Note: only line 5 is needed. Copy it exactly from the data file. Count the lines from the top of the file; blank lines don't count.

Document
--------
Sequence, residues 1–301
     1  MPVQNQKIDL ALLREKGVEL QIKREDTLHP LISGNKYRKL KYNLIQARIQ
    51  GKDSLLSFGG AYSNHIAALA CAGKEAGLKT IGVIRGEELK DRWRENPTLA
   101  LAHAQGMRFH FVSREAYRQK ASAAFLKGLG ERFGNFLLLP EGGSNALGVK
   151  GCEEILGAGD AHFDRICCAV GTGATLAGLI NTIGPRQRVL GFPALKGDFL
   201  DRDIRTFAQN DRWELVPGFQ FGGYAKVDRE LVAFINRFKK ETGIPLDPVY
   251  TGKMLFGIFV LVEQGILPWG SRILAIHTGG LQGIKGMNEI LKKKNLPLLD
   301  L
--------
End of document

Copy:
   151  GCEEILGAGD AHFDRICCAV GTGATLAGLI NTIGPRQRVL GFPALKGDFL